The airport community, alongside policy makers and researchers, has been working on capacity issues for many years, working with the framework of voluntary scheduling guidelines developed and evolved over the years under the auspices of IATA. So why aren’t initiatives

delivering the necessary improvements in levels of efficiency? In order to understand the difficulties involved it’s important to understand some more of the detail of slot scheduling. A slot identifies a time interval, specific date and time, during which a carrier is permitted to use the airport infrastructure for landing or take-off at a slot controlled airport.

A fundamental concept in the slot allocation process is the ‘declared capacity’ and particularly its rationing and allocation on the basis of a complicated set of administrative rules, criteria and priorities within an airport. Declared capacity represents an administrative measure of capacity specifying and controlling the number of slots available for allocation per unit of time. As a result, slot scheduling and the setting of optimum declared capacity levels are closely interdependent and both lie at the heart of optimising the allocation and use of scarce airport resources.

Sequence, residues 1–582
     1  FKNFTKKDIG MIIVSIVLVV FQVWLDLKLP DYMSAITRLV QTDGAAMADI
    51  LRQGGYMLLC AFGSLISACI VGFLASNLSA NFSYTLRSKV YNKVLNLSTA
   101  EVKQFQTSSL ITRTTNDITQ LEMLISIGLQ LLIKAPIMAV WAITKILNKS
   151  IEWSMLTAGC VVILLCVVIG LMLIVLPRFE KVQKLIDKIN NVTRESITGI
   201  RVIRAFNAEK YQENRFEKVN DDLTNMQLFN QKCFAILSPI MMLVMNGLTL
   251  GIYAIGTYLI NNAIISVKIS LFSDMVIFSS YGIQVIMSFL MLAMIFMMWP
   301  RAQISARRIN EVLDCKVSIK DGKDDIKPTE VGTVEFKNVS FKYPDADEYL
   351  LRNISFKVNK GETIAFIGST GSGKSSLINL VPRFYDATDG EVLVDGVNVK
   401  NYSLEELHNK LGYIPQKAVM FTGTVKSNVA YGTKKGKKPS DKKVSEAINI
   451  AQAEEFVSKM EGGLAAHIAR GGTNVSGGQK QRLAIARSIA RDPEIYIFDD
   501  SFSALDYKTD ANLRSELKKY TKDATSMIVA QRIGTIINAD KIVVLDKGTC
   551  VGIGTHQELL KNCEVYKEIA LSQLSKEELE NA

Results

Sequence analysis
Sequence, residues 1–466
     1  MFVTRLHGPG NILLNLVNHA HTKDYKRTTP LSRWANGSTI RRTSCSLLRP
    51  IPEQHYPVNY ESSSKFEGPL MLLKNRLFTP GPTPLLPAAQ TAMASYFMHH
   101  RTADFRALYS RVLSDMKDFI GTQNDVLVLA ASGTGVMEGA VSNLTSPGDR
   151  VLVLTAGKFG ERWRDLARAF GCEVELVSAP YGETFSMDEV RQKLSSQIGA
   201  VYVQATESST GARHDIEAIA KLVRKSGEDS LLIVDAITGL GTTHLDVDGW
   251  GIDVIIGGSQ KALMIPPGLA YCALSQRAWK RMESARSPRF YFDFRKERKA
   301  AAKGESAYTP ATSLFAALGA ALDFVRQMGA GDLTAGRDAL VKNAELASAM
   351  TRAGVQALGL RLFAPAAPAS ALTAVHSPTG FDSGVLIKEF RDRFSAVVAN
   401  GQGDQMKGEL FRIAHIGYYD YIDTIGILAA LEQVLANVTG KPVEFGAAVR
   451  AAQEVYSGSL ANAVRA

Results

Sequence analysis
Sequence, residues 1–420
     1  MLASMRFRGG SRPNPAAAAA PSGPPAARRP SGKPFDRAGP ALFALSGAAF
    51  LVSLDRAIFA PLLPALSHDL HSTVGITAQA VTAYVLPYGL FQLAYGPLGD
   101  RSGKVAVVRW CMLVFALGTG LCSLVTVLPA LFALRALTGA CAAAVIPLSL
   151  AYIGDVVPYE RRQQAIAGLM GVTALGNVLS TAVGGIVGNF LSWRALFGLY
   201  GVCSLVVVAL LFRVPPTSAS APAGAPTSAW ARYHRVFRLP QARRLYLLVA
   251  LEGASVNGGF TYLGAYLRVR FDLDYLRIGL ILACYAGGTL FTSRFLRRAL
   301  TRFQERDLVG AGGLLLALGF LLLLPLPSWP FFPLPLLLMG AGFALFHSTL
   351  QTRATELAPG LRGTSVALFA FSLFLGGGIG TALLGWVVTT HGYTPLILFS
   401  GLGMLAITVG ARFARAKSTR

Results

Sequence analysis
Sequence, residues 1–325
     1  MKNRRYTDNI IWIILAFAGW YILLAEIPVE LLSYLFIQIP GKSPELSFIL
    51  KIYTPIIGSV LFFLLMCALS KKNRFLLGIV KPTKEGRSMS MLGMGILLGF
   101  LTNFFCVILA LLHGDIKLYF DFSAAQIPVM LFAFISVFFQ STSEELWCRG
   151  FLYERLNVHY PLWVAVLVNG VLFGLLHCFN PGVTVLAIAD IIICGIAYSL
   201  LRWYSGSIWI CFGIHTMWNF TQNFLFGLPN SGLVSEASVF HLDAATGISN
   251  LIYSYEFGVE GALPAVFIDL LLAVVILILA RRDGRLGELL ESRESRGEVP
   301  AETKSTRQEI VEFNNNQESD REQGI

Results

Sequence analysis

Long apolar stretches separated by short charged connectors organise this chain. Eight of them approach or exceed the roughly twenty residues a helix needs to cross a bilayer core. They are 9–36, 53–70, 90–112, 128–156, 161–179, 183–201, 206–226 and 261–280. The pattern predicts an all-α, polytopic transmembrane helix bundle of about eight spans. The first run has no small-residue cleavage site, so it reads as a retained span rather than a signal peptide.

We therefore have a situation where the slot allocation process does not properly match requested slots with those actually allocated to airlines. On top of that, slot misuse then sharpens the capacity shortage due to poor use of the scarce capacity. Even at airports where slot demand exceeds capacity, over 10% of the allocated slots go unused4. ACI Europe estimates that slots unused due to their late return account for losses of around €20 million per season at large, congested European airports5.

Most recently, researchers have attempted to deal with the inefficiencies and limitations of this existing allocation practice by focusing on two alternatives (which have the potential to work together). One is introducing market driven mechanisms such as congestion-based pricing schemes and auctioning of slots, leading to a situation where there are ‘winners’ and losers’ in the race for capacity. The other is improving the allocation efficiency of the IATA-based allocation mechanism via slot scheduling. Slot scheduling is a challenging area. There’s real potential to generate quick and drastic capacity utilisation improvements, but it involves huge and complex mathematical problems.